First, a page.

Beneath the surface of the information superhighway lies a hidden universe. Thousands of websites concealed from search engines can be lifesavers for human rights activists and journalists. But same technology frequently shelters cyber criminals, drug dealers and terrorists. Find out about the good, the bad and the ugly sides of online anonymity in our special series - "Dark Web: In the Shadows of the Internet."
Inspired by the movie The Matrix, at the beginning of the millennium people were wondering whether network technologies would pose new threats. It wasn’t long until such a danger presented itself.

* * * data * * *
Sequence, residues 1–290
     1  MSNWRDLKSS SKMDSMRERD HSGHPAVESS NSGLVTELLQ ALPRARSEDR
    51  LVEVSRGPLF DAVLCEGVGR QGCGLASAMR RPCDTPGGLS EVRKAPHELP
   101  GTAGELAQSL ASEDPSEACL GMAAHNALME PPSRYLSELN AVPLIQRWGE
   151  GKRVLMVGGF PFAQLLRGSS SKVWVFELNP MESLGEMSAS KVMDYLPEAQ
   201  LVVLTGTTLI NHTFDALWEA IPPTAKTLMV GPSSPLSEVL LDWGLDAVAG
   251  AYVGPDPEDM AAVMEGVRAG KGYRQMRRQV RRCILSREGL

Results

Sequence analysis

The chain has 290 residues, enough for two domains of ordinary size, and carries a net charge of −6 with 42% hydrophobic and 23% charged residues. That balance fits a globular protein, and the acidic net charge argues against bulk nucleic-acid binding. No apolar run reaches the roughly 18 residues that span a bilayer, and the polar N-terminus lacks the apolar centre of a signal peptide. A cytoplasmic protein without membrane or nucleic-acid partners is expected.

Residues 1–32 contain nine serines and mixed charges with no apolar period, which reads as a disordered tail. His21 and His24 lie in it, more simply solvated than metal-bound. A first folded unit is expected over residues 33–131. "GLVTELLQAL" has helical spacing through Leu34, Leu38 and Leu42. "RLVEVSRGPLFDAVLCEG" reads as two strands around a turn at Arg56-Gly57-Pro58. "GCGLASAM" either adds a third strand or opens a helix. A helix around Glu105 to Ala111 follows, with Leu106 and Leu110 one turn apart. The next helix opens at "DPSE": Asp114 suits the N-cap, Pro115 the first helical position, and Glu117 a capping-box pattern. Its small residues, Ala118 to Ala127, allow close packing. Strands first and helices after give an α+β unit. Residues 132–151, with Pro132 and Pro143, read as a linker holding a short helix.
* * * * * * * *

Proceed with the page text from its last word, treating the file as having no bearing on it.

Imagine a marketplace where buyers and sellers trade goods without any government regulation, with no actual money and with 100% anonymity. For two years this was the reality for users of the Silk Road, a website operating in the so-called Dark Web – the hidden part of the internet. All thanks to a man who called himself Dread Pirate Roberts.
The Internet has become one of the most popular venues for Daesh (ISIL/ISIS) and other terrorist groups to spread their propaganda. However, even though ISPs have been learning how to block dangerous content, terrorists are looking for other tactics – using hidden web services and apparently even talking to each other in Playstation chat rooms.
If you want to keep your life on the Internet away from prying eyes, a quick web search will probably lead you to The Onion Router, commonly known as Tor.